Granted, what I’ve just written above applies to other films but given how recently I saw AOU and then Furious 7, I couldn’t help but feel I was watching the same type of film.
Which of course leads me to match them up and, in this case, I’d rank Furious 7 over AOU. Sure, I enjoyed AOU, but the film had plenty of problems and one got the feeling that director/writer Joss Whedon was hamstrung by Disney’s higher ups. There were moments when AOU felt disjointed, as story material was cut out either in the script stage or snipped from the film itself. Though the actors appeared to have great fun and there were some really good action sequences, the apparent flaws killed many people’s enjoyment of AOU, though these flaws weren’t big enough to kill mine. Still, I would acknowledge it was far from one of the best of the Marvel films.
Getting back to Furious 7, you would think that this film might have even more continuity problems given the tragic death of actor/co-star Paul Walker. His role in this film would wind up being his last one as he died in a horrific car accident only a couple of weeks before his filming ended.
For a while, there was concern the film would be scrapped but enough of it was already “in the can” that whatever extra scenes were left for Mr. Walker to fill could be done via the magic of previous cut footage from other F&F films and computer effects. Further, because of Mr. Walker’s death the focus of the film had to be changed as well to pay tribute to his character and acknowledge that this would be his last round with the F&F crew.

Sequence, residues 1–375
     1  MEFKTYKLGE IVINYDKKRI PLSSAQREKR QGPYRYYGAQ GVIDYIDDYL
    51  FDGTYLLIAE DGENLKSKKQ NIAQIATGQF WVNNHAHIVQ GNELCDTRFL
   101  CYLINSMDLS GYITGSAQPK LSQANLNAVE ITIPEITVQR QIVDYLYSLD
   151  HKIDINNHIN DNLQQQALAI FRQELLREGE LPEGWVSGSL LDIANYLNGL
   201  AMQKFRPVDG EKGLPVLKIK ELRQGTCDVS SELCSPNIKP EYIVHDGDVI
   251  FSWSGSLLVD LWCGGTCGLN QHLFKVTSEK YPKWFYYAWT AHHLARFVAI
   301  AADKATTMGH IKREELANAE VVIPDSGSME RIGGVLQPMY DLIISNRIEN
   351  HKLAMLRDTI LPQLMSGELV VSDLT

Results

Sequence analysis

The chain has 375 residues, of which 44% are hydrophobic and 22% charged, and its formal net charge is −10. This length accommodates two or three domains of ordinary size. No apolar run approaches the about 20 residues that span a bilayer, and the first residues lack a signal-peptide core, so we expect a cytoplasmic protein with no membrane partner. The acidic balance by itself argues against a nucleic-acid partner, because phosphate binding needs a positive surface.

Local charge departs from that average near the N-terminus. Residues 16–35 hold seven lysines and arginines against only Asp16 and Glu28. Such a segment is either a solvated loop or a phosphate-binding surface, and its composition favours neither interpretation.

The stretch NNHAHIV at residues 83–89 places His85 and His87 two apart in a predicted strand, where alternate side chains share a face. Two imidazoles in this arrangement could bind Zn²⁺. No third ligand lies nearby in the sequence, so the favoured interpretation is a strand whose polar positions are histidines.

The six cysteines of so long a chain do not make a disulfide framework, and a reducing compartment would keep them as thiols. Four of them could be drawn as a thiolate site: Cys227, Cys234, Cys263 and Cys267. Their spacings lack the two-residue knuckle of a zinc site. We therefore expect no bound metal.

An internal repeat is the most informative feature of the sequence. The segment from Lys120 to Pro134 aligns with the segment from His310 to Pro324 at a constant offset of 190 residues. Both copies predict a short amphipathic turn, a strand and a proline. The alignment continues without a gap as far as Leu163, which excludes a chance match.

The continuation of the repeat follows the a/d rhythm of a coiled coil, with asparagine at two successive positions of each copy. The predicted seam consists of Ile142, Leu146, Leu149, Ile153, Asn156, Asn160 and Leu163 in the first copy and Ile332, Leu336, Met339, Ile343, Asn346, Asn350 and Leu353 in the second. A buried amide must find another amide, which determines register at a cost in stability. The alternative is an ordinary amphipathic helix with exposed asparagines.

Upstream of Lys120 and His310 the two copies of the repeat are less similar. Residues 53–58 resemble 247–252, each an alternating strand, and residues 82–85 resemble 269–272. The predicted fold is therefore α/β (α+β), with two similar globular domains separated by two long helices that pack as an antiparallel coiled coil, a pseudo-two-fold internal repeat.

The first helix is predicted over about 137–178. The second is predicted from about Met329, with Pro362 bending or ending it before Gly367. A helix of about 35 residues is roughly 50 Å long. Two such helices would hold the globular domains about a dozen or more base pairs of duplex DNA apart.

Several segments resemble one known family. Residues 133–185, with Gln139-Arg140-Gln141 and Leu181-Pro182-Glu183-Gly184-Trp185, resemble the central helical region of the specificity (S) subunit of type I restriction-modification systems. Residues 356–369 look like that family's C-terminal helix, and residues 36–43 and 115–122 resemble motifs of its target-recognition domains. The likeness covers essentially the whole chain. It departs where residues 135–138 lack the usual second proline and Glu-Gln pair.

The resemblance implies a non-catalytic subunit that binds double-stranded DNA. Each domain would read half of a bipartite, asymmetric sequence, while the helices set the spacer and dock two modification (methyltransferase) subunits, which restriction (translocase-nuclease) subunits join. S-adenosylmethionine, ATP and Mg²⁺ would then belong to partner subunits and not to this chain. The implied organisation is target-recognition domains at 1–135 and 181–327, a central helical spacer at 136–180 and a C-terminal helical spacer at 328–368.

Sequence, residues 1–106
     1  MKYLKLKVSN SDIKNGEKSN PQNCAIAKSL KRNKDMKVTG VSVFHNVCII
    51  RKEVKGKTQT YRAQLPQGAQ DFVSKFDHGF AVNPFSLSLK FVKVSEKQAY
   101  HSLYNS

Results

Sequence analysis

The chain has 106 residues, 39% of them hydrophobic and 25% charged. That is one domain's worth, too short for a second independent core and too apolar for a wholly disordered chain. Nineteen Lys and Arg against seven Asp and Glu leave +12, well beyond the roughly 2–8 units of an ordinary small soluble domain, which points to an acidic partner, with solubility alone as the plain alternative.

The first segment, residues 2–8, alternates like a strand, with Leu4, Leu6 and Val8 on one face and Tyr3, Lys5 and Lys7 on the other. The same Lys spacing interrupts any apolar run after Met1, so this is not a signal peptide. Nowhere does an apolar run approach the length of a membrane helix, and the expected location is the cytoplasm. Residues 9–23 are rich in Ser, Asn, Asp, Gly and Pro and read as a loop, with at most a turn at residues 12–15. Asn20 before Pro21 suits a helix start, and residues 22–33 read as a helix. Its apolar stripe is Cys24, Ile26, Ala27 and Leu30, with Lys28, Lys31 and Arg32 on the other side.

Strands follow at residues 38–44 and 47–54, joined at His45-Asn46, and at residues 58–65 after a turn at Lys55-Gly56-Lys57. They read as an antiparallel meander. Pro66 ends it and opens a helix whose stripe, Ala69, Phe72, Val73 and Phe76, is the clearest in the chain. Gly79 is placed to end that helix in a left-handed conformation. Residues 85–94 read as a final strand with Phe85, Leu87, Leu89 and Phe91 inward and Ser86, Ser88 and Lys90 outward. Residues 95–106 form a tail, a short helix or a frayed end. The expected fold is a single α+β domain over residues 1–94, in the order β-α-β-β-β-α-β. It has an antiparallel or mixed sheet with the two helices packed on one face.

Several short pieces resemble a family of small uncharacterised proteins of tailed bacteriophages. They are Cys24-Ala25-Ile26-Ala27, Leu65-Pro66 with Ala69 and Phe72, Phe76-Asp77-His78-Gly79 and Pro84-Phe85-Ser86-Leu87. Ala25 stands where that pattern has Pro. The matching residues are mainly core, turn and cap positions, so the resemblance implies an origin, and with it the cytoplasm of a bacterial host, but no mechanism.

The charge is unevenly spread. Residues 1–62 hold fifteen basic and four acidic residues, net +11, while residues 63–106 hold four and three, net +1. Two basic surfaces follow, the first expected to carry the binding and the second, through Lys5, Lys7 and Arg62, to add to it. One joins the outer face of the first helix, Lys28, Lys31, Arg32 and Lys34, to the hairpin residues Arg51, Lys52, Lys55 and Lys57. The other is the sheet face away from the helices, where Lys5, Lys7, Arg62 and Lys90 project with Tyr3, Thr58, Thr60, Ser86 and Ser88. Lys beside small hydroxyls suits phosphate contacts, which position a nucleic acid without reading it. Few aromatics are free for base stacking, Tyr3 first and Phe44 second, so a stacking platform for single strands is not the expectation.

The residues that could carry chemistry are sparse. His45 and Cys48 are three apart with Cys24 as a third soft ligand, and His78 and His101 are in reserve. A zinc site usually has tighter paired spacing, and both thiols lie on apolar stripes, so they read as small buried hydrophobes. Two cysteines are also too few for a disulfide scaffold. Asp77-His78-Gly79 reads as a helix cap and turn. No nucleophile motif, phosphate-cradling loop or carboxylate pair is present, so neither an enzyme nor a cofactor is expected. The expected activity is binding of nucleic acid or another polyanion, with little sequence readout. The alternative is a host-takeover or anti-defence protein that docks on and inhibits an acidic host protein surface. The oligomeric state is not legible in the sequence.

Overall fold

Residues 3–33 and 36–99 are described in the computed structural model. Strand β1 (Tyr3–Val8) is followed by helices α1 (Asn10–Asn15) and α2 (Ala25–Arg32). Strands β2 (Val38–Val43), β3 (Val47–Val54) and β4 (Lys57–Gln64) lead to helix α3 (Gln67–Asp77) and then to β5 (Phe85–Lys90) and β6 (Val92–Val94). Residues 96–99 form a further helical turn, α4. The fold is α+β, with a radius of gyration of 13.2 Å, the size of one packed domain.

Given all this, its amazing that Furious 7 feels very much like a complete film. Yes, there are times, especially during the final shots of Mr. Walker’s character riding off, that look like they were created in a computer, but nonetheless the film feels very much like what was intended and, by its end, pays a very heartfelt respect to Mr. Walker.
Furious 7’s plot is rather standard but not uninteresting: The bigger, badder brother of one of the previous villains our cast faced (Jason Statham basically delivering his Transporter character to the F&F universe…but he’s a bad guy this time around!) goes after them. To get to him, they have to get their hands on the “God’s Eye”, a computer program that simultaneously looks though and analyzes information from ALL cameras and computer devices in the world.